Let’s allow Ms. Zellweger, other performing artists, and everyone else to be who they need to be. There’s no need to brand them like cattle. We can remain open to what they have to offer. There is beauty in change and delicious depth in the lines that mark the passage of time. C’mon society! Let’s do an about face and applaud for that.

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Copyright 2014 The Storycrafters

Photo Credit: By Billy Hathorn (Own work) [CC-BY-SA-3.0 (http://creativecommons.org/licenses/by-sa/3.0) or GFDL (http://www.gnu.org/copyleft/fdl.html)%5D, via Wikimedia Commons

Branding is a hot topic (no pun intended). I was recently on a Twitter chat with independent artists. The topic of branding came up and it sparked a lively debate. What do you think? How do we brand performing artists? Should the arts be branded at all? Any artists out there with an opinion on this? Love to have a conversation…share your thoughts in the comment box down below.

How to Avoid Splashing Muck

Hello people! Nice to be back to blogging after a hiatus. I was nudged back in the saddle by a recent event that touches on the power of words even though, ironically, it’s about pictures..

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The rhetoric around the theft of celebrity nude photos has me thinking. As most of you know by now, private photos of many celebrity women, including Jennifer Lawrence and Kirsten Duntz, were hijacked from their private accounts and made public on the web. To say that there is public outrage is to put it mildly. A major violation took place, and people are horrified.

In the frenzy of commentary about this, I saw some interesting discussions. One writer, Scott Mendelson at Forbes.com, urges the media to describe this incident as a sexual assault, not a celebrity scandal. He argues that the connotations associated with the word “scandal” puts blame on the women, when in actuality, they did nothing wrong. One or more hackers ransacked their privacy, scoured through their intimate photos, and then broadcast them to the entire world without permission. Hackers were the ones who committed a crime, not the women.

Writing for Time Magazine, Charlotte Alter disagrees about calling it sexual assault. She argues that using sexual assault as an umbrella term for violations against women dilutes the meaning of the phrase. (Sexual assault encompasses a range of violent crimes whose definitions vary state by state). About the photo hacking incident, she writes:

It is not the same as being raped, or forced to perform oral sex, or molested as a child, or beaten. It’s not a question of “more or less awful,” because both scenarios are horrific examples of how women are treated in our society. But they’re different, and it’s especially important to be precise when we’re talking about violence.

Alter suggests that we call this revenge porn, a newer legal term referring to crimes where angry lovers publicize erotic photos from broken relationships.

I applaud both writers for their great contributions. And I concur that this issue needs to be carefully named. But I am not comfortable referring to this as revenge porn, and this is why. Merriam Webster’s online dictionary defines porn as:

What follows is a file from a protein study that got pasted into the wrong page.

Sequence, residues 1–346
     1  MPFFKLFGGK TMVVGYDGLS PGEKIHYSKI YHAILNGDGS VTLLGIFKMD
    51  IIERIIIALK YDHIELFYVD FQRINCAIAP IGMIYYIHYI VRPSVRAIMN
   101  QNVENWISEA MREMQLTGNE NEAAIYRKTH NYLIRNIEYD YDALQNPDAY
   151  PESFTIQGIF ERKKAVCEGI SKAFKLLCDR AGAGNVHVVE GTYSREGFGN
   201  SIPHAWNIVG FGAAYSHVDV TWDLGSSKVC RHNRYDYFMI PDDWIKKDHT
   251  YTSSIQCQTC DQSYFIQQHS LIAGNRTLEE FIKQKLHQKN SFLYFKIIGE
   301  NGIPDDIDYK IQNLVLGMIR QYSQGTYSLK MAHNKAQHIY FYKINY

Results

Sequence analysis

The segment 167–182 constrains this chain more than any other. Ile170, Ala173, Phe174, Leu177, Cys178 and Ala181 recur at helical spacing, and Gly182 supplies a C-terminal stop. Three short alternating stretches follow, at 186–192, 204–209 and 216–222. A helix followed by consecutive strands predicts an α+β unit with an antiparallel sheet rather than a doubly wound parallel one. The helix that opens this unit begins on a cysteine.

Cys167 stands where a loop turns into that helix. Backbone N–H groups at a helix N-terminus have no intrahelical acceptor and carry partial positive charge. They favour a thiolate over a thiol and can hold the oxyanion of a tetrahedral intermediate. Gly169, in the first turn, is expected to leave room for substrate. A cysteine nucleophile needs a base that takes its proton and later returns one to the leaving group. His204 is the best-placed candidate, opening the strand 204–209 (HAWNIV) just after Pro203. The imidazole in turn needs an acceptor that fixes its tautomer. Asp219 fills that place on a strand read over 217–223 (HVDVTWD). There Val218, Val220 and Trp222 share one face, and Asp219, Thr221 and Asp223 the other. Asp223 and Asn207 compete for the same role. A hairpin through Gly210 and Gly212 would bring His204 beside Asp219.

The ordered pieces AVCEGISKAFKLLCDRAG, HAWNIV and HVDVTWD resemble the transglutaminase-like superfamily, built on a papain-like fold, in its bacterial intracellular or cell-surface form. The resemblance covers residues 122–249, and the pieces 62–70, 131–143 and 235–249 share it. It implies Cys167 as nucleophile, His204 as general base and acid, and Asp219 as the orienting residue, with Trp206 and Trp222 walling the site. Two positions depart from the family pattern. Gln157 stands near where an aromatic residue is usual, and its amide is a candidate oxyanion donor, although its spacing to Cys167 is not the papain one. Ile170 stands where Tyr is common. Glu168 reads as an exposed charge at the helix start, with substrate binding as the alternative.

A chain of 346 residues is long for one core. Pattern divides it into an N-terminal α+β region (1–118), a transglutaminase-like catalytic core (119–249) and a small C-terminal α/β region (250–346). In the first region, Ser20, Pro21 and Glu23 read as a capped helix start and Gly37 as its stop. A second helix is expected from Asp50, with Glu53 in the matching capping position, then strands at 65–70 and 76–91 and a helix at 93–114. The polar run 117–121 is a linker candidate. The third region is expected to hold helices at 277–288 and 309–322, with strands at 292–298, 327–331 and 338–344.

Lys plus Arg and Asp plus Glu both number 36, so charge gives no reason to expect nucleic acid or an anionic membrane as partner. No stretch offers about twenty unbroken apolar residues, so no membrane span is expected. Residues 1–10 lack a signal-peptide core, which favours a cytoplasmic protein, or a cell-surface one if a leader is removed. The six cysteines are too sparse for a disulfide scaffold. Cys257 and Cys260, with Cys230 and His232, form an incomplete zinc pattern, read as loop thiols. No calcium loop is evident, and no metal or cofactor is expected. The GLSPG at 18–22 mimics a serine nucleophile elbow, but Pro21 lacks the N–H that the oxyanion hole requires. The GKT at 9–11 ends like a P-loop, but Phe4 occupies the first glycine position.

Movies, pictures, magazines, etc., that show or describe naked people or sex in a very open and direct way in order to cause sexual excitement.

The word “porn” suggests that these photos were taken to cause sexual excitement. But that’s irrelevant. They were private photos. It is nobody’s business what their purpose was. The hacker(s) committed a pornographic act by placing those pictures in the public eye. But just as “scandal” can suggest that the celebrities did something wrong, the word “porn,” with its deeply negative connotations, could leak from the hackers (where it belongs) onto the women (where it doesn’t), shadowing them for a very long time.

Whatever we ultimately call wicked acts of this nature, we must take care to avoid splashing any more muck upon the victims. How can we do this?

1. Stop and think before we write and speak. Everyone, including the media, has the responsibility to carefully consider the meaning and connotations behind words.

2. Use alternate phrasing. Perhaps the broader term sex crime carries the story of what happened. It doesn’t dilute the term sexual assault or put the onus on the women.Sexual exploitation crime might be considered, as the word “exploitation” clearly places the responsibility on the wrongdoers, not those who were victimized. The same could be said of sexual harassment.

3. View the situation from a different angle. Indeed this crime has a sexual side, but maybe a broader view can be instructive. The hacker(s) committed an egregious violation of privacy. So I offer up another phrase for consideration in describing this kind of offense: privacy assault.

We can all agree that a serious crime was committed. Let’s ensure that our rhetoric doesn’t inadvertently victimize the victims more.

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I’d love to hear what you think! Make some comments below and let the conversation begin.

For more thoughts on this, you might be interested by this Upworthy post!

Copyright 2014 The Storycrafters